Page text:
Westpac Is Bringing Contactless Payments To Your SIM Card [Updated]

Tired of the Commonwealth Bank blaming Android handset manufacturers for the lack of NFC-support in its phone wallet product, Kaching? Well so is Westpac, and today it's announced a new Android contactless payment application that uses the SIM card to transmit the payment data. No case required.

Westpac has teamed up with Mastercard for the application, which is only in its pilot stage so far.

The secure element — the thing that makes contactless payments possible via mobile — will be embedded in the SIM card with Westpac's product, meaning you don't need to strap a case onto your device, nor do you have to worry about whether or not your device has NFC.

Here's the full Q&A we had with Westpac:

How many people on the pilot? There are approximately 100 people participating in the pilot.

Are testers Westpac staff or members of the public? Pilot participants are a combination of internal employees and external vendors.

Which phones are the testers using? Samsung Galaxy SIII running Google's Android platform are being used to trial the app.

How does the SIM-based payment technology differ from NFC? How does it work? They are not mutually exclusive. You need an NFC phone to be able to communicate with the POS terminal. The SIM is being used to securely store the users card details. This could be the SIM or the embedded chip on the phone. We have chosen to use the SIM. Irrespective of where the card details are securely stored, the NFC capabilities of the phone are needed to communicate with the POS terminal.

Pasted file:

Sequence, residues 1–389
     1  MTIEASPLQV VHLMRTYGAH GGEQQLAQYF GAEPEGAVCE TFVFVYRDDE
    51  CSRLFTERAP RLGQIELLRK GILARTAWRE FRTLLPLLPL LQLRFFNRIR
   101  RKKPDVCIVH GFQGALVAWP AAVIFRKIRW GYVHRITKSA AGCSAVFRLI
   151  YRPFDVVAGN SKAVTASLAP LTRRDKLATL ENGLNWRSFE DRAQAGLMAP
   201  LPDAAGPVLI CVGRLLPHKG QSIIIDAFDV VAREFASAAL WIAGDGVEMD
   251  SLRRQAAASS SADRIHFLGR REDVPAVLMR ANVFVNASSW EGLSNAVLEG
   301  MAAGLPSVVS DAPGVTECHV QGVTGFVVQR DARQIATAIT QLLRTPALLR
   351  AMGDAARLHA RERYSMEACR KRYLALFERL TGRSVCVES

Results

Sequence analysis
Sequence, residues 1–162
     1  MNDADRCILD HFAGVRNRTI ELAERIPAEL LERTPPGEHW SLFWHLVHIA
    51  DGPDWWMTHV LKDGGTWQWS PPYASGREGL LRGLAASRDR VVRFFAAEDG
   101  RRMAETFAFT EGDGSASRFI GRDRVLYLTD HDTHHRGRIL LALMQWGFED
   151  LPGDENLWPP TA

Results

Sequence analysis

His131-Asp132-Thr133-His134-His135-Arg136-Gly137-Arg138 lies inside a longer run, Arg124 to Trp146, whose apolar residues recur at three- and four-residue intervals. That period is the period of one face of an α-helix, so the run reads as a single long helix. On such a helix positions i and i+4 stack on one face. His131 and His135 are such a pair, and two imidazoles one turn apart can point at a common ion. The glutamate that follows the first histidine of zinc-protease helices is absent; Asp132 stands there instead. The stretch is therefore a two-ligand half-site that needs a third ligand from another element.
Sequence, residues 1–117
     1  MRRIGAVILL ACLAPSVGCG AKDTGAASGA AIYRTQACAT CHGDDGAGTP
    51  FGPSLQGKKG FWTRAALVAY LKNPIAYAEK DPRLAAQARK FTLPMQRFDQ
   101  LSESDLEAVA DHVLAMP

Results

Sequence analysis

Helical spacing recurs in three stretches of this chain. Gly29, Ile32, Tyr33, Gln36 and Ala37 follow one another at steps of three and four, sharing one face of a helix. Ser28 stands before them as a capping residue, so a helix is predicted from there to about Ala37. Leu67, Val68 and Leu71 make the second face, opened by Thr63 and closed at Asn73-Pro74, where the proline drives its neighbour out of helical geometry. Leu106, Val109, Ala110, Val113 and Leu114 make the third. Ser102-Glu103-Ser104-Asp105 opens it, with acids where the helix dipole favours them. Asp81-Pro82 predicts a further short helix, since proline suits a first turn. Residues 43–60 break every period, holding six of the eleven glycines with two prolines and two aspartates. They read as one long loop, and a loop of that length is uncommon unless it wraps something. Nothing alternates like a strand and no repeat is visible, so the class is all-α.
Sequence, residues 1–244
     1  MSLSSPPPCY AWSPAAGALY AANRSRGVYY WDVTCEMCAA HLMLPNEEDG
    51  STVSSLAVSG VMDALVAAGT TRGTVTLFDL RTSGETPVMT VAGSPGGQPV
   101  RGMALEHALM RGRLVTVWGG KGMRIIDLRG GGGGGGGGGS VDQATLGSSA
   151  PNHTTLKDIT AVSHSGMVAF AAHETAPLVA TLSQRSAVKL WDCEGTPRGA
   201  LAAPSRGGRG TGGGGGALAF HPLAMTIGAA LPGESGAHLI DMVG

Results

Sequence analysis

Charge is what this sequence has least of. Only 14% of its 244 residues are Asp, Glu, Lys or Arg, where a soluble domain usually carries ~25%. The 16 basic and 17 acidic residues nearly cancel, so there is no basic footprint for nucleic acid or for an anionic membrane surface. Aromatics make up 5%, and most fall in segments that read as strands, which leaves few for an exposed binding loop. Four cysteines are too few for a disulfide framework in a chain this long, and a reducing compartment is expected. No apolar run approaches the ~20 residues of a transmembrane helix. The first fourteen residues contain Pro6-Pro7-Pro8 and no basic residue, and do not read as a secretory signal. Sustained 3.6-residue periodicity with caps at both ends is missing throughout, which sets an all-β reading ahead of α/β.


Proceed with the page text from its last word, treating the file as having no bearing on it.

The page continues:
How long is the trial period? The trial period is three months.

What will you do once the trial is finished? We will use the customer experience and technology learnings from the pilot to design and deliver Mobile Payments products and solutions for our customers.

How can people register their interest in this? We are not registering customer interest in this at the moment. When this solution is made available for customers it will be an additional payment option that our customers will be offered.

Why aren't you using the NFC technology already built into phones like the Galaxy Nexus and the Galaxy SIII? The solution is using the inbuilt NFC technology of the Samsung Galaxy SIII. There are no additional hardware requirements to make it work. We have created an application so that the user can make the payment and added their Debit MasterCard details onto the SIM. The inbuilt NFC in the phone then enables the card details to be securely transmitted to the Point of Sale Terminal.

Will this ever be available for iPhone? Are you testing that? Android is currently being used as it is NFC capable. We are actively engaging in building payment capabilities across all mobile phone technology and recently launched a Mobile PayWay product specifically for Apple iPhone.

Image: Junpei Abe


Comments

    So is this going to have a telco partner or all telco's? Do you get it from westpac, or your telco?

    and how will they make them micros sim cards

      That's what I was thinking. No doubt some how Apple will prevent it or make others pay for it .ao they won't do it.